Isolating JUnit Tests for Fun & Profit

Max Mautner
Oct 23, 2018 · 3 min read
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Continuous Integration’s the name of the game!

Where we’re coming from

Testing our software is fundamental to Personal Capital’s culture of product development.

We lean heavily on Jenkins for continuously integrating our engineering teams’ changes to our front and backend software.

On the backend, we use Java’s JUnit + maven-surefire plugin to run a suite of automated tests which verify that our APIs behave as we expect them to.

Things generally go smoothly however there are some tests we have that attempt to test large swaths of our software at once.

These tests often break when small changes are made in our codebase, or worse: they only pass some of the time, making it very difficult to identify sources of uncertainty in our software.

Where we’re headed

In order to expand our CI/CD process, we’re requiring pull requests to pass tests before they can be integrated into our shared codebase.

To accomplish this we need to:

  • eliminate unreliable tests like mentioned above, and
  • cut down the time it takes to run our tests — slow tests are tests that no one runs!

It’s critical for technical and non-technical team members to trust our tests. This means holding new and refactored code to the same high standard of requiring tests to run and pass before any additions or modifications are allowed to be made to the codebase.

In order to accomplish the two goals above, we can use JUnit’s @Category annotation to tag slow test classes and methods. Once tests have been tagged, we can either include or exclude them from our test runs.

This meant creating a simple interface, for example:

package com.personalcapital;public interface SlowTest {}

This interface can be used in combination with the @Category annotation to identify slow test classes:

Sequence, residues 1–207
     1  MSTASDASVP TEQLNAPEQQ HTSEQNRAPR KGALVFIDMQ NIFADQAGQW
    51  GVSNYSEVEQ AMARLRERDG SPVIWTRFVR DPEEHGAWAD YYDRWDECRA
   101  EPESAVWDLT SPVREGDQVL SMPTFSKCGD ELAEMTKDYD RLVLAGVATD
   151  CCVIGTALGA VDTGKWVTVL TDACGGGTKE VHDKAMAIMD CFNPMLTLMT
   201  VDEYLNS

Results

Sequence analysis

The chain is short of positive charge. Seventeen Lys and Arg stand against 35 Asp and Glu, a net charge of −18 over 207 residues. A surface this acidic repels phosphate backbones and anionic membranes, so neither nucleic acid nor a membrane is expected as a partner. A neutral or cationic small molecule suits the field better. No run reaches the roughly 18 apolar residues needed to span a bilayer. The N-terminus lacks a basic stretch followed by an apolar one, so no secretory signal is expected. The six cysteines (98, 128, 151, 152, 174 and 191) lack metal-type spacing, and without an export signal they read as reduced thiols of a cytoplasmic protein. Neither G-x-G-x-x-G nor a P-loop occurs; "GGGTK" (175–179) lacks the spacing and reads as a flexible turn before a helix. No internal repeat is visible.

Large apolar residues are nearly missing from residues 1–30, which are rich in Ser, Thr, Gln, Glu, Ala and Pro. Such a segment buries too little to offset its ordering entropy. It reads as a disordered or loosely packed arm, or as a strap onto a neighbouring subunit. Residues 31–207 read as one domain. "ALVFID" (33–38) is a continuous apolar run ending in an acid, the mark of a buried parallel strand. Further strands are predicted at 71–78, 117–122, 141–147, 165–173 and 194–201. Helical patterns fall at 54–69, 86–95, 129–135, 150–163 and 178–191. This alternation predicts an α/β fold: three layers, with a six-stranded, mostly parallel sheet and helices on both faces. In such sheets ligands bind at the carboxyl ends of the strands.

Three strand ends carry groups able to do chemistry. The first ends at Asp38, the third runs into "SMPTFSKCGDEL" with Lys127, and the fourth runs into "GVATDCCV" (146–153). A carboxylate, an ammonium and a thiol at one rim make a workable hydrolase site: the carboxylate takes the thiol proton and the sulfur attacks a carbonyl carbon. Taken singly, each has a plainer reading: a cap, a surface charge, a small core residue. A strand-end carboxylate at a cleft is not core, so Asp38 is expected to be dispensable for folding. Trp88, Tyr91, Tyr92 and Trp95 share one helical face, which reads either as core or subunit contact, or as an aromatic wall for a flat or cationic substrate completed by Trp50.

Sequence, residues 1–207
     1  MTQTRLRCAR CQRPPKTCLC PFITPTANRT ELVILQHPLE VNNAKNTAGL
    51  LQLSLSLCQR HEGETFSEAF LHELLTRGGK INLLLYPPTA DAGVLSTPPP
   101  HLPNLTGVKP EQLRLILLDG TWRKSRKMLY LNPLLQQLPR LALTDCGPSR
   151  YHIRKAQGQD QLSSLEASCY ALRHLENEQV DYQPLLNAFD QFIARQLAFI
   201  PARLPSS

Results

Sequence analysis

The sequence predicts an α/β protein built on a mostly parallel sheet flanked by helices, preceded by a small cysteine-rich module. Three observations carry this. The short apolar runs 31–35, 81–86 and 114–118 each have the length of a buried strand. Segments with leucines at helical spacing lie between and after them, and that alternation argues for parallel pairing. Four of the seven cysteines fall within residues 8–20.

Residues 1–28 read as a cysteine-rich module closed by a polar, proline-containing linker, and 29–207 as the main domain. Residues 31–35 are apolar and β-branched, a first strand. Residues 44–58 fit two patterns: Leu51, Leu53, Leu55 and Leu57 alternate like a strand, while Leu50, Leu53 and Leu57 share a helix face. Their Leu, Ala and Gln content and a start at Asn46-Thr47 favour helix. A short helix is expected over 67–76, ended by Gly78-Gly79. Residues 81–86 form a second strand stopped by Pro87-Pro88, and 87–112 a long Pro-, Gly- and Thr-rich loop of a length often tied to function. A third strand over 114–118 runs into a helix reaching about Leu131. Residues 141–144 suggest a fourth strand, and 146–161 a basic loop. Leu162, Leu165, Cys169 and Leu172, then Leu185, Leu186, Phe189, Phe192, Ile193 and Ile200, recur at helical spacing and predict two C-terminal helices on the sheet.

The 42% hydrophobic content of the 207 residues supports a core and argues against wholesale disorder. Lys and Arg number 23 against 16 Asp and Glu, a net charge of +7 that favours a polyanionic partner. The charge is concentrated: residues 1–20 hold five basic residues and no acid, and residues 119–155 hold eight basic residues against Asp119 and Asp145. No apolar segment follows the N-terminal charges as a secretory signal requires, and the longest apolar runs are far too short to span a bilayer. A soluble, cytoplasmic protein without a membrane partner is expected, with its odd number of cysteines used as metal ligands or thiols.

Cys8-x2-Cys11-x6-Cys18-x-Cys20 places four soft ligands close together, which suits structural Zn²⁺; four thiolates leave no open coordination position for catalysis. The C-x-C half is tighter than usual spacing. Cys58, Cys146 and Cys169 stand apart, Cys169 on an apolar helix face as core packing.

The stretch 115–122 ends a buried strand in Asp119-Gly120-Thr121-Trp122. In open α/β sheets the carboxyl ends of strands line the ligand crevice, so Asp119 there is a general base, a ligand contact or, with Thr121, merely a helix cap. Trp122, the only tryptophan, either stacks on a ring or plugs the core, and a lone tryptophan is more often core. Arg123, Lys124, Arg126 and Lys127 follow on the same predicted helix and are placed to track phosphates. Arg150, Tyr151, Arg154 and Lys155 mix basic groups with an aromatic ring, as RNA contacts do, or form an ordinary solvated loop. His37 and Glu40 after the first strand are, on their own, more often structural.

import com.personalcapital.SlowTest;@Category({SlowTest})
public class FooTest {

}

Or slow methods:

public class BarTest
{
@Test
@Category({SlowTest})
public void testSomethingThatShouldBeMocked() { … }
}

Invoking the test Maven goal, we can run only the slow tests, e.g.:

$ mvn test -Dgroups=”com.personalcapital.SlowTest”

Or exclude all slow tests:

$ mvn test -DexcludeGroups=”com.personalcapital.SlowTest”

We can exclude slow tests when automatically running tests for a proposed change, and run our slow tests later on when we evaluating a manual release to production.

Using Jenkins’ JUnit Plugin, it becomes very easy to identify slow tests by treating your test output as structured data:

What to look forward to

We’re delivering tools for our customers’ to better manage their personal financial lives at a faster rate than ever before, with a larger team than ever before.

We’re striving for the holy grail: continuous delivery, where a team member might join Personal Capital and confidently contribute code to production within hours of walking in the front door.

Come and help us reach that goal!

Personal Capital Tech Blog

We are Personal Capital's Engineering team.

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